There's no question that most of the classic styles of red wine are best suited for pairing with red meats. Whether the primary grape is cabernet sauvignon, malbec, or syrah, the darker, stronger reds simply taste better with foods that are high in animal protein and fats. These food components can tame the most ferocious reds by making them seem lighter in texture and by smoothing their leathery tannins. Being lighter and less tannic on average, white and rosé wines have more natural affinity for lighter fare, like seafood and vegetable dishes. There is a solution, though, for those red wine lovers who are eating lighter but for whom drinking whiter wines sounds like cruel and unusual punishment: young, midweight European reds. Europe's winemaking traditions are more food-oriented than those of the new world, which helps explain why these wines don't always taste their best on first sip. Designed to serve as "sauce on the side" for the region's cuisine, such wines can seem too thin or tart at first blush but typically bloom in flavor and texture after the first bite of a suitable dish. This Sicilian red made with the nero d'avola grape is a great example. The fiery peppered blackberry flavors of its forceful grape won't disappoint fans of bolder reds or fall short with red meats. But its lively acidity and absence of barrel spice will allow it to flatter vegetarian and pescatarian dishes, too, particularly those with a Mediterranean slant that feature olives, tomatoes, and green herbs.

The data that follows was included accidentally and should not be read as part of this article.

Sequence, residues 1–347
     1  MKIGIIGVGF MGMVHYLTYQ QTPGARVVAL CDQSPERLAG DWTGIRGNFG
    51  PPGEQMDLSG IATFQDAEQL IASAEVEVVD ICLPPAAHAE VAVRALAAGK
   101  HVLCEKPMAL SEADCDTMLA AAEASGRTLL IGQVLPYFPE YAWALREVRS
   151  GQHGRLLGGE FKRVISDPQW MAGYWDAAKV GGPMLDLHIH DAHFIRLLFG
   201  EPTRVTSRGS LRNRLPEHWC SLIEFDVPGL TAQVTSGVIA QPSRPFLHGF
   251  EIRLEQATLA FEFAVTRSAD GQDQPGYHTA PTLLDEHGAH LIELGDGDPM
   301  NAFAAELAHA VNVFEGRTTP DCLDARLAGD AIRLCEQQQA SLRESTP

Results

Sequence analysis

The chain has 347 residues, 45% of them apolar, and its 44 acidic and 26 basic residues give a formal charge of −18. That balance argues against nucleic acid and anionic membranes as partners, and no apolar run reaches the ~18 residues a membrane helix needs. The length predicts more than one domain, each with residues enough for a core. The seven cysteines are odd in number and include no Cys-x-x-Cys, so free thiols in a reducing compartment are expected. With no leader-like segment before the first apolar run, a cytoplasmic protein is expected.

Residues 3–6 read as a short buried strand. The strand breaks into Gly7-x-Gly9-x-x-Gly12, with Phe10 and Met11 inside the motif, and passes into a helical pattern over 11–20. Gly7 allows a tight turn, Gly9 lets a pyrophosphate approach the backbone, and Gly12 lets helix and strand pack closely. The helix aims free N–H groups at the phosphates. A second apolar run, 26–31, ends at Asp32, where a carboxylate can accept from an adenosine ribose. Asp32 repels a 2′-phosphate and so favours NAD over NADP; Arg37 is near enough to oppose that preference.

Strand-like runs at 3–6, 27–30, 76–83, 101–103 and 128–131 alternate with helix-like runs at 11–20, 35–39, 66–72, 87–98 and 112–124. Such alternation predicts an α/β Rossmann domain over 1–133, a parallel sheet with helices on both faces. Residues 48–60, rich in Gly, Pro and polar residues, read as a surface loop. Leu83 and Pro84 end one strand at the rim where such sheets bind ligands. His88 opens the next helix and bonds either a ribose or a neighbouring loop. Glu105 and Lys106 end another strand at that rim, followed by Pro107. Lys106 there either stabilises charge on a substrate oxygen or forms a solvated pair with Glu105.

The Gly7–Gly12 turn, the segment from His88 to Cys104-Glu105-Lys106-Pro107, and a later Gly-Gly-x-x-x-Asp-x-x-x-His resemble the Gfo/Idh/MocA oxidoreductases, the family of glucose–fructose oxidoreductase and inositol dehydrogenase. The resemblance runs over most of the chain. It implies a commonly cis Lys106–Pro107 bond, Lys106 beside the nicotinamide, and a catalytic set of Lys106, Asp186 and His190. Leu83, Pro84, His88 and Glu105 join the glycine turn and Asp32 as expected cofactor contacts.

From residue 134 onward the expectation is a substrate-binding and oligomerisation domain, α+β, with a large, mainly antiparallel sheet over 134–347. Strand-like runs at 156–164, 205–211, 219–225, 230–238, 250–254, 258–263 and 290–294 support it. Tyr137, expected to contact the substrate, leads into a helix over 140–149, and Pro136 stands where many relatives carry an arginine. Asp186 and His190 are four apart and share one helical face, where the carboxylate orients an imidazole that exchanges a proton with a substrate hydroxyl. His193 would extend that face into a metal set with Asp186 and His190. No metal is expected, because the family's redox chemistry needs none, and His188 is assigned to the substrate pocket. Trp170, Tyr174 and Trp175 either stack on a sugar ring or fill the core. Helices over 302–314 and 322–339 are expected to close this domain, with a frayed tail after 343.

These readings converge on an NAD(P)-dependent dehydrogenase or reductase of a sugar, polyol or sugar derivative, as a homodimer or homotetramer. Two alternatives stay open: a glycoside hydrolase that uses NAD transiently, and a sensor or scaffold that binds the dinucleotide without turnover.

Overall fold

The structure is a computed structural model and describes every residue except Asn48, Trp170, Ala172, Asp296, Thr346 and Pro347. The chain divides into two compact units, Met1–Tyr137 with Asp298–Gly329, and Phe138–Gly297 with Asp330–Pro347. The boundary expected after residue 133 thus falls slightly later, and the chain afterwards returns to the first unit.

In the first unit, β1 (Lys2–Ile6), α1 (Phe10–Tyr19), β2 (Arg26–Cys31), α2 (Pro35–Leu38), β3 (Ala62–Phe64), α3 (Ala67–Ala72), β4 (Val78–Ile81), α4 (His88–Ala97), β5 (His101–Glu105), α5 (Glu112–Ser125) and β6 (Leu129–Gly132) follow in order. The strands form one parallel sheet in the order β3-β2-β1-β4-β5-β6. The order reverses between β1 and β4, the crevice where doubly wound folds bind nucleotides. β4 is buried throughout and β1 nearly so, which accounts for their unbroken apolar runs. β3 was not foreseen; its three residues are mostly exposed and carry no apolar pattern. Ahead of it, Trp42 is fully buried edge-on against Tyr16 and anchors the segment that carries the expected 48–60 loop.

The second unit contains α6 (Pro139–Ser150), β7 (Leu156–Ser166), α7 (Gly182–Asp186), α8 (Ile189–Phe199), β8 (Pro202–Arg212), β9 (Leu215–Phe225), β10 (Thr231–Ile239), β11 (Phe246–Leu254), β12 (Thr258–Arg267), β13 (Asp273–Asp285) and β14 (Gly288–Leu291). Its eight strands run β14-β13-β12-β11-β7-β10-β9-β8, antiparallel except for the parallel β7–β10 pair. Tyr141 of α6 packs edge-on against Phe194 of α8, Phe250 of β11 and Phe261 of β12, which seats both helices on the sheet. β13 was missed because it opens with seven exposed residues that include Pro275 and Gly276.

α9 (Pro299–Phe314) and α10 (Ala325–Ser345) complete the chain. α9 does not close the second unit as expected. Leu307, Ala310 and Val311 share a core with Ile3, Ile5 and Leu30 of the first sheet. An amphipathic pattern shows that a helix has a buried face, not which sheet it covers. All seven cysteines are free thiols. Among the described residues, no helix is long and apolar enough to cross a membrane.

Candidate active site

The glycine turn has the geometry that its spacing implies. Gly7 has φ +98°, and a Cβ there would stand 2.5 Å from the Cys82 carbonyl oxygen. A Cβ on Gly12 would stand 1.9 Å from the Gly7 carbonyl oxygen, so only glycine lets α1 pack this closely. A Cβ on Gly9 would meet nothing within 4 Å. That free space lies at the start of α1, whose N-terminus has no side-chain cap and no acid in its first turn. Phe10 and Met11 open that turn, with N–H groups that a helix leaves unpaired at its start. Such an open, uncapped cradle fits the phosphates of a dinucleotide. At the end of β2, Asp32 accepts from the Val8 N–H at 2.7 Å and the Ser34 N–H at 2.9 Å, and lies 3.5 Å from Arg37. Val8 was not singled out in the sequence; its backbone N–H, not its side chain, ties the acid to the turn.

Villa Pozzi Nero d'Avola, Sicily, Italy. $9.99 (regularly $11.99; sale price through Nov. 4). PLCB Item #6675.